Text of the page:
The usual suspects are all here. In “St. Nazaire”, the Pixies go hardcore, Black Francis screams without a care in the world, and Santiago finds a riff that is mean enough to evoke hellish images. Meanwhile, “On Graveyard Hill” and “Catfish Kate” employ the most well-known of the band’s recipes: verses anchored on raw bass and drums that eventually are pulled into exploding catchy choruses, with the difference being that in the first the Pixies lean towards the punk and in the second they step into the pop by adorning the cut with acoustic strums and an almost wishful melody. “Long Rider” does not stray too far away from that mold, even if it bets more heavily in the harmonization between Francis and Paz and on a darker tone in its verses, which evaporates by the time it gears up to the refrain. Other cards that the Pixies have pulled during their run, but that are not as common as these, also show up in fine form and in a slightly altered approach.
“Daniel Boone” can be compared to the classic “Motorway to Roswell” given it is – by the band’s standards of song length – a nearly five-minute acoustic epic; only where the track from “Trompe le Monde” was filled with alien guitars and an extraterrestrial plot, the “Beneath the Eyrie” centerpiece is an atmospheric low-gravity slice of lunar beauty. “Los Surfer Muertos”, sung by Paz, could be a great lost cut from “Bossanova”, as it carries the mid-tempo pace and mysterious wide soundscape of that record, being part surf rock on mushrooms and part outer-space weirdness. At last, “Silver Bullet” – a strong contender for the spot of best track in the set – is a western ballad (a theme already explored by “Silver” from “Doolittle”) that musically grasps the tension of a duel in the scorching Sun.
Closing with “Death Horizon, a simple acoustic song that is pleasant enough but not quite sufficiently great to justify the noble position it has in the album’s track list, “Beneath the Eyrie” is not completely solid. It has, after all, some very visible holes that are a bit hard to overlook. It is, however, by almost every single standard in rock music, a good album: its cuts are generally very good and, in their briefness, rarely overstay their welcome; its production brings out the best in the band, only intruding to highlight and bring forth notable aspects of specific songs; and its songwriting is competent even though the pen of Black Francis has clearly seen better days.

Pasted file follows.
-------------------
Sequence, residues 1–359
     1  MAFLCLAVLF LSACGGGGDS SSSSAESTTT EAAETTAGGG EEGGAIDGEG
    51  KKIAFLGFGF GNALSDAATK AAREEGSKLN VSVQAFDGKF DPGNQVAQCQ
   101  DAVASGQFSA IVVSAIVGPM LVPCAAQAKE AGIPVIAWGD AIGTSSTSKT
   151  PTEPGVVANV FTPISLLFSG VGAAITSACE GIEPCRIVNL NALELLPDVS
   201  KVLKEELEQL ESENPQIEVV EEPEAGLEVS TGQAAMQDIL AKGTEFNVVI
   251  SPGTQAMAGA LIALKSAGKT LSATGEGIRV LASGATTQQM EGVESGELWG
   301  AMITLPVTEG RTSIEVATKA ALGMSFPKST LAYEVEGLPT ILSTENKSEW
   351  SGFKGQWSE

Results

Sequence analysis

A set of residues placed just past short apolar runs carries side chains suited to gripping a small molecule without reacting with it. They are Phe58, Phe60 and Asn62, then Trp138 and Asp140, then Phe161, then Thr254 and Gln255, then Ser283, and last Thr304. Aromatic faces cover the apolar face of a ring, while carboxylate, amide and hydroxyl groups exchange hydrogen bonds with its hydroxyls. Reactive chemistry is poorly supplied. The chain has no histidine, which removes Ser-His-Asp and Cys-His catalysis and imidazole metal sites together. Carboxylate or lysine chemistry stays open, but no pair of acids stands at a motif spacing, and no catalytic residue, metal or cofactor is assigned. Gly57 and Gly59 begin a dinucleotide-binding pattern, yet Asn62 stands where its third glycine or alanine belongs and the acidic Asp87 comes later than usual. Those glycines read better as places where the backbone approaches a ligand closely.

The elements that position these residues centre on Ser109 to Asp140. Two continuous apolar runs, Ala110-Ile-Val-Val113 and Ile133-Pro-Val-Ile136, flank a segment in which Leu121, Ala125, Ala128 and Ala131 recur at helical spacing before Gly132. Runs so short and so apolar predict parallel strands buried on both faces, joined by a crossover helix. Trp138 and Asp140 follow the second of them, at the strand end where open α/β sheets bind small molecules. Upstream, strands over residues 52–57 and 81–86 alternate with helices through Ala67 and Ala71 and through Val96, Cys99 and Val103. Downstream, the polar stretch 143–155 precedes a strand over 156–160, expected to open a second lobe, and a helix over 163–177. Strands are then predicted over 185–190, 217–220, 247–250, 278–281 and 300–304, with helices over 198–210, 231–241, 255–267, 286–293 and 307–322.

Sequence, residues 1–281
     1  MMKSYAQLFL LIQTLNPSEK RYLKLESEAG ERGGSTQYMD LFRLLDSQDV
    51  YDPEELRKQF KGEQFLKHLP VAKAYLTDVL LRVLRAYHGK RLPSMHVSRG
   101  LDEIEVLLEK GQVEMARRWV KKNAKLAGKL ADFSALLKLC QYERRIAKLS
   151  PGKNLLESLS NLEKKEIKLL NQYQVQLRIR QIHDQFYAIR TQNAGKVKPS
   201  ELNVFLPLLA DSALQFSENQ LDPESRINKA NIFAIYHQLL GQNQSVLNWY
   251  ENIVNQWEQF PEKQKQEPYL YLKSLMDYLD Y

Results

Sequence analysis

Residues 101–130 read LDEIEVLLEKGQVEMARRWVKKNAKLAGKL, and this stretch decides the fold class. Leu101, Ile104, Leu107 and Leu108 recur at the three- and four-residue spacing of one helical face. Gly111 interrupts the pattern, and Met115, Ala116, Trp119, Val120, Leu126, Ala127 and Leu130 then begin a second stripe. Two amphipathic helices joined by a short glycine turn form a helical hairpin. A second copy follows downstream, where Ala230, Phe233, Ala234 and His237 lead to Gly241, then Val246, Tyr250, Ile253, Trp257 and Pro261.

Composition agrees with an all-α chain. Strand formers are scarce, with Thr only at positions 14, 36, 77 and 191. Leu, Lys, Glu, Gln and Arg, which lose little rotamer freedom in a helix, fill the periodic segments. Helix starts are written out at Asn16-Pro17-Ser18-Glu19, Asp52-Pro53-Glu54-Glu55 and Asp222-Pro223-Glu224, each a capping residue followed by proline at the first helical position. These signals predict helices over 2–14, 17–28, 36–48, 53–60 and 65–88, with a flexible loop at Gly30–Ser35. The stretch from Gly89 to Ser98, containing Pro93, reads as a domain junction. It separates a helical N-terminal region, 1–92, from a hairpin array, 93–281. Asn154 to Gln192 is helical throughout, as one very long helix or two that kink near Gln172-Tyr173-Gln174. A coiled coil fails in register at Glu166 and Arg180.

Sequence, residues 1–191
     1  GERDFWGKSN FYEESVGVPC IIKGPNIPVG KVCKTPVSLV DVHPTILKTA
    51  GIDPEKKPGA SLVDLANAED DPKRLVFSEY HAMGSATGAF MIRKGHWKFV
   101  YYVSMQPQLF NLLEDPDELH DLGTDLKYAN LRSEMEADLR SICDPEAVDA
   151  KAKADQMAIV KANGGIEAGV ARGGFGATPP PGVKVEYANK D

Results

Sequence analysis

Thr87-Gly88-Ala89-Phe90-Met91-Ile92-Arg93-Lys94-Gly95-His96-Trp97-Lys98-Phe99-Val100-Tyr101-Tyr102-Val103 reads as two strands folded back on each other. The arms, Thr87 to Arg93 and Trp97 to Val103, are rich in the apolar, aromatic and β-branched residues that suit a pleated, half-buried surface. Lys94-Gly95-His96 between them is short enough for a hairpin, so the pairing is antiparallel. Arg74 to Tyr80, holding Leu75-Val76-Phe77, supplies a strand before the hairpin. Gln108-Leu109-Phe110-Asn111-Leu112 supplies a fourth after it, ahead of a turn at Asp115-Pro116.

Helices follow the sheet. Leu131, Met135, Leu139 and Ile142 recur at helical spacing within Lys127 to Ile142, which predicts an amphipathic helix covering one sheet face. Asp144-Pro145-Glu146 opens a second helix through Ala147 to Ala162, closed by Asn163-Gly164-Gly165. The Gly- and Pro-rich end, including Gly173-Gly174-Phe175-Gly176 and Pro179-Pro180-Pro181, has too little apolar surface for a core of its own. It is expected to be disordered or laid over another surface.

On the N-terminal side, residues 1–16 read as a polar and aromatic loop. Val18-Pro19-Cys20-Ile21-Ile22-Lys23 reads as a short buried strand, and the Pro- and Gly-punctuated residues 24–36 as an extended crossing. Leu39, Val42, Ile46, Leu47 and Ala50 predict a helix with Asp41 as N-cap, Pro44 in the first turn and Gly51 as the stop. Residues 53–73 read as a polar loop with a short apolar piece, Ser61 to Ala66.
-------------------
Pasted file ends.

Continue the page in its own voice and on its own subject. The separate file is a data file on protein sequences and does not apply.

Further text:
Its main problem stems from the fact that one of the few rock standards to which it does not live up is the original sequence of records by the band that made it. It is a curse that plagued “Indie Cindy” and “Head Carrier” before it, and it is a shadow that will engulf – even if partially – everything the Pixies will put out until they call it a day. To those that have fallen to it, “Beneath the Eyrie” will undoubtedly land flat, hitting their ears like the sound of a group that is dragging their legacy through the mud. To those who are still listening, though, it holds a good deal of value and some remarkable gems. And while the former group will, understandably, walk away in disgust; the latter will be happy to know Black Francis, Joey Santiago, and David Lovering are still – Deal or no Deal – doing it and enjoying the massive well-deserved laurels that they should have gotten between 1986 and 1993.